Wednesday, March 24, 2010

"Indian Stew"

You're probably thinking, "There's no such thing as Indian Stew. You just made that up."  You are correct. But, this is easy and delicious, and deserving of its own title.

Stews weren't meant to be made with precise recipes. (That's how I feel about most food.) For the sake of my readers' sanity, though, I've listed the ingredients so you can reproduce this fragrant and delicious meal. My Indian Stew is a variation of Potato Pea Masala, but I made it into a soup you eat with a spoon and pita bread, rather than the original chunkier dish you eat with a fork. As in much Indian food, the spices are key, because the main ingredients are so simple.  So don't think you'll make it on a meek little dash of chili powder. Embrace the spices! That's what this food is about.

Pitas. You can make them. I made the pitas one day and made this stew the next, to break up the kitchen work. (I also use my Kitchenaid for everything requiring kneading.)  Or you can make your own Indian naan, although I haven't tried that one yet!  Or just get some naan from an Indian food place. Wherever you get it, this stew really needs, craves, warm flat bread of some kind.

Here's a general idea of what you'll need:
  • Potatoes - I used 8-10 baby Yukons
  • Broth - I used some homemade veggie broth from the freezer (I think the beautiful photos on this site drove me to try it!).  I used one freezer bag much is that? A quart maybe?
  • One can of tomato paste/sauce
  • A few cups of frozen peas
  • An abundance of peeled/minced garlic cloves (not powdered stuff).  Since everyone has a different relationship with garlic, I leave it to you to decide how to interpret "an abundance." I love garlic and used probably 4-6 BIG cloves. 
  • Spices: curry, cumin, coriander, chili powder, ginger (powdered or regular), black pepper. Maybe a bit of lemongrass if you have it.
  • Optional: some sort of meat. I used some shredded turkey (also from the freezer), Ground beef or lamb would also work well. (It'd also be perfectly fine without the meat.)

Chop the potatoes into bite-size pieces, 1-2".  (I often use baby potatoes because the skins are so thin and mild, and I don't have to peel them.) Throw the garlic in the water, boil the potatoes until they're cooked through, then drain and set aside in another dish.  Use the same pot to build your broth. Start over low heat with your base broth, whatever you're using. Then pick the garlic cloves out of the potato chunks, add them to the broth, and mash them up good.  Pour in the tomato sauce or paste (diluting the paste, obviously).  Add the spices in layers, tasting as you go, to get the flavor you (and those eating with you) will appreciate the most. Curry is intended to be the dominant feature here, so start with that. It's a warm, distinctive spice that really adds an exotic element to your food.  Ginger also is pretty intrinsic to this great can either use a lot of ginger powder, or grate up some fresh ginger, making sure it has enough time to soften. (I can't remember which I used.)  Coriander seed powder is really important too. Just promise me you won't leave out the spices.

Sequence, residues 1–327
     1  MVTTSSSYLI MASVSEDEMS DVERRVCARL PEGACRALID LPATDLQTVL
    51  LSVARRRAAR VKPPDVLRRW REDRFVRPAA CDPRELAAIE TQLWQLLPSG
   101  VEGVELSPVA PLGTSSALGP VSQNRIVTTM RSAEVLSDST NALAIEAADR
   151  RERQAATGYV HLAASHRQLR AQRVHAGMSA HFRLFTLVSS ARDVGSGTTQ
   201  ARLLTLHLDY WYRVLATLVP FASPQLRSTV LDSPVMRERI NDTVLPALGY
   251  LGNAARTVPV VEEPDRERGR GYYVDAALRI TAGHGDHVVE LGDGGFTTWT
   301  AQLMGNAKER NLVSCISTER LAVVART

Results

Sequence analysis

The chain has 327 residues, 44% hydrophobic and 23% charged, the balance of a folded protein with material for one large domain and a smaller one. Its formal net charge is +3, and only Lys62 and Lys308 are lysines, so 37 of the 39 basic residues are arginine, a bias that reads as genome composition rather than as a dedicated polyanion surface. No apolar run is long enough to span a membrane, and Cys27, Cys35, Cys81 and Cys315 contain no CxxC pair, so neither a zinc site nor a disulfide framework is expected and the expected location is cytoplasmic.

As soon as you have a decent flavor you like, add the potatoes back in.  They need to settle and simmer in that pure spicy goodness.  You can also add your shredded/ground meat now, if you're using it.  Adjust the flavors as you like them...the flavors might change after the other stuff is swimming around in there.  Simmer this on low heat for as long as you like, leaving plenty of time for the potatoes to soak. Add more broth or water if you need, to get the consistency you like.  Throw in the frozen peas shortly before serving, leaving just enough time for them to thaw well.

If pitas aren't an option, this is also fairly palatable over jasmine rice. :) But you should have warm, fresh pitas.

I love food.


  1. This sounds amazing. It's definitely on the menu sometime soon!

  2. Thanks Hannah...let me know how it turns out!

  3. Best honest ending to a post ever, Nikki.

    The best stews really are made with a bit of this and a handful of that.

    What a lovely March recipe (and an even nicer blog!)

    Thanks for all your comments and support of Simple Bites...